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Dispatches from the field

Rare Opportunity to Study the Critically Endangered North Pacific right whale in the Bering Sea


North Pacific right whale
North Pacific right whale  Photo: NOAA Fisheries

North Pacific
right whale
North Pacific right whale survey image
What's Happening
July 27
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International Whaling Commission-POWER survey gets underway in Alaska and NOAA scientist is onboard looking for North Pacific right whales

Over the next few months, NOAA Fisheries researcher Jessica Crance will be part of an international team of scientists studying whales in the Bering Sea. Jessica will be listening for whales and North Pacific right whales in particular. She is hoping to locate one of the 30 or so remaining North Pacific right whales known to inhabit the eastern portion of the Bering Sea. If she does, she and others will photograph and collect small skin samples to learn more about these elusive and critically endangered creatures.

Jess will be conducting her research on board a Japanese research vessel that was provided to the International Whaling Commission by the Government of Japan for the Commissionís Pacific Ocean Whale and Ecosystem Research (POWER) survey. This is the 8th POWER survey. Whatís exciting is that this will be the first time that there will be an acoustic component to the research program. It also is the first time that there has been an opportunity to explore the expanse of the Bering Sea in search of North Pacific right whales. The plan is to survey the entire Bering Sea over three years. This year the focus will be on the eastern Bering Sea, next year the central portion and in 2019, the hope is to survey the western portion of the Bering Sea including Russian waters.

Besides North Pacific right whales, scientists will be collecting information on abundance, distribution and stock structure for North Pacific sei, humpback, sperm and gray whales and will complete a survey of the northern range of fin whales that was started in 2010-2012.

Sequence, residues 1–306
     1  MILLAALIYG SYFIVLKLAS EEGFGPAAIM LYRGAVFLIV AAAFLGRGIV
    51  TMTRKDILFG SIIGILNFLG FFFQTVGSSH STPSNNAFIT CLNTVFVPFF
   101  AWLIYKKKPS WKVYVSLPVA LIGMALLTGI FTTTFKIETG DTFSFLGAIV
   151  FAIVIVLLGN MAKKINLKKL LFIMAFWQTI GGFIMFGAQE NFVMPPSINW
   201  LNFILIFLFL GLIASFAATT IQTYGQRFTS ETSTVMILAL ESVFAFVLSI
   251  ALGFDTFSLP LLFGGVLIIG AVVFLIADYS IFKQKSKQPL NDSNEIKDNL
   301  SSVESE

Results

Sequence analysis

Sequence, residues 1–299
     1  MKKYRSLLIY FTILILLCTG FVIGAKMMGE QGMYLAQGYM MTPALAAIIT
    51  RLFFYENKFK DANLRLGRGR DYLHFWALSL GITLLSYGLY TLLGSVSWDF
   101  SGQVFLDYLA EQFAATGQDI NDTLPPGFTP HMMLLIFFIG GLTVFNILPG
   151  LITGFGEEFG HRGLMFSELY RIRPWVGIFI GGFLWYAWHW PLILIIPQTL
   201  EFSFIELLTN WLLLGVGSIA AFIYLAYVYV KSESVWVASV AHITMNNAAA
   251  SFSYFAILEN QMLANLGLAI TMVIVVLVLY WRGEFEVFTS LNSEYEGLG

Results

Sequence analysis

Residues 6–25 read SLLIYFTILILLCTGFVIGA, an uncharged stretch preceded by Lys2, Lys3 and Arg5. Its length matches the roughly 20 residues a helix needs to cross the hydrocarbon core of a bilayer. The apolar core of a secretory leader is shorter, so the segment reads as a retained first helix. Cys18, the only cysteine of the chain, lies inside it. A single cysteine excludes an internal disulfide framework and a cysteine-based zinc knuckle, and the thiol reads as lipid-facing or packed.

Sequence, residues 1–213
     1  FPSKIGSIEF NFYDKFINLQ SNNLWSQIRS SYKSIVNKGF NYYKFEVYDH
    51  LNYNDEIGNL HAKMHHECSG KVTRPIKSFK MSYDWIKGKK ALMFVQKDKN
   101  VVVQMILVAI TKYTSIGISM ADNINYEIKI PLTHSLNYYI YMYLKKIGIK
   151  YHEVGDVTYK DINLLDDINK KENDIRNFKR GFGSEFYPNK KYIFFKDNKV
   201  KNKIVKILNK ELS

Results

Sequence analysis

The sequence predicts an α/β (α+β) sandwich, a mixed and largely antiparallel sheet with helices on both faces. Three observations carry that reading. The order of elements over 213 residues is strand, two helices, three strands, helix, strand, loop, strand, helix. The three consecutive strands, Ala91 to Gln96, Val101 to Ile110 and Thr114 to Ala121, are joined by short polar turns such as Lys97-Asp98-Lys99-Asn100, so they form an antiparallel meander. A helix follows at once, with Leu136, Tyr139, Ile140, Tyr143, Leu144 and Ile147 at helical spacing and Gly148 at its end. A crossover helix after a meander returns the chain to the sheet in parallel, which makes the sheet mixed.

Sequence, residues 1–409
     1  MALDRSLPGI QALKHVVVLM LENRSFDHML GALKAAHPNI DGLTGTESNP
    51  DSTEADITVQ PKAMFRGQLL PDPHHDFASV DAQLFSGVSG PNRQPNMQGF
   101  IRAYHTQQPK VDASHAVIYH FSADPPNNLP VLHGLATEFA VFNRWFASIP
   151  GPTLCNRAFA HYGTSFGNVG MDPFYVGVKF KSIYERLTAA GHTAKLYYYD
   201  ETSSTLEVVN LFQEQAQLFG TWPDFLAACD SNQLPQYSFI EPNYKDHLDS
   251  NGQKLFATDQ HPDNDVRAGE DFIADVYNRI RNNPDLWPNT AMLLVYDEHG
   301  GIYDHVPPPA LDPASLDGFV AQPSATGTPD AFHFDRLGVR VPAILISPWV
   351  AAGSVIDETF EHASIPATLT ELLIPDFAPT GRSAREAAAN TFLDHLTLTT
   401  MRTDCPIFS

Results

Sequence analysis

NOAA Fisheries Alaska Fisheries Science Center is responsible for conducting research surveys to monitor the health and abundance of fish and marine mammal populations in the waters off Alaska and the Arctic. This area covers about a third of all U.S. federal waters. Conducting these surveys is costly, so we often work with commercial fishing vessels and other research organizations on their vessels in order to carry out our mission.

In this case, we are collaborating with the International Whaling Commission and the Government of Japan to continue a long standing, comprehensive survey, which includes international waters, and provides vital information to further understanding of whale population distribution, status and trends in the Bering Sea.This information is essential for resource managers to identify appropriate measures to conserve and protect whales in the U.S. waters off Alaska. We have supplied observers to ensure that the survey is carried out in accordance with U.S. federal laws. We also have a research scientist onboard collecting information on the critically endangered North Pacific right whale.

This is the first time that NOAA Fisheries has been able to conduct such an extensive acoustic survey to listen for whales, in particular the critically endangered North Pacific right whale, in the Bering Sea. Our research surveys to study this rare whale have been opportunistic as funding is available. This is the first time in 8 years that we have been able to gather both photographic and biological data on a North Pacific right whale in the eastern Bering Sea, which is essential if we are ever able to help this species recover. In this case, we were very lucky to encounter two whales at the same time.

None of this would be possible if it were not for this collaborative effort.

We are also hoping through this international collaboration to help promote a shared appreciation for the value of non-lethal research methods as the best way to collect science needed for the management and conservation of whales.

U.S. funds supporting this effort are for observer coverage, travel for the staff member involved, some salary for NOAA scientist(s) involved, together with some equipment used in the acoustic component of the survey. Specific research funded by the U.S. includes photographic identification of individual whales based upon natural markings, and the taking of small biopsy samples, which do no harm to the animal but provide a wealth of information on genetics, diet, reproductive state and other data essential to species conservation.

Deploying sonobuoy for North Pacific right whale study
Deploying sonobuoy  Photo: D. Allen


Meet the Blogger

Carey Kuhn
Jessica Crance

Jessica Crance is a research biologist at the Alaska Fisheries Science Centerís Marine Mammal Laboratory.

She joined the Labís Cetacean Assessment and Ecology Program in 2009 after completing her M.S. at the University of San Diego on killer whale vocal development.

Her research focuses on marine mammal passive acoustics, with an emphasis on population monitoring, spatio-temporal distribution, vocal behavior, and call characteristics of Arctic and sub-Arctic marine mammals.


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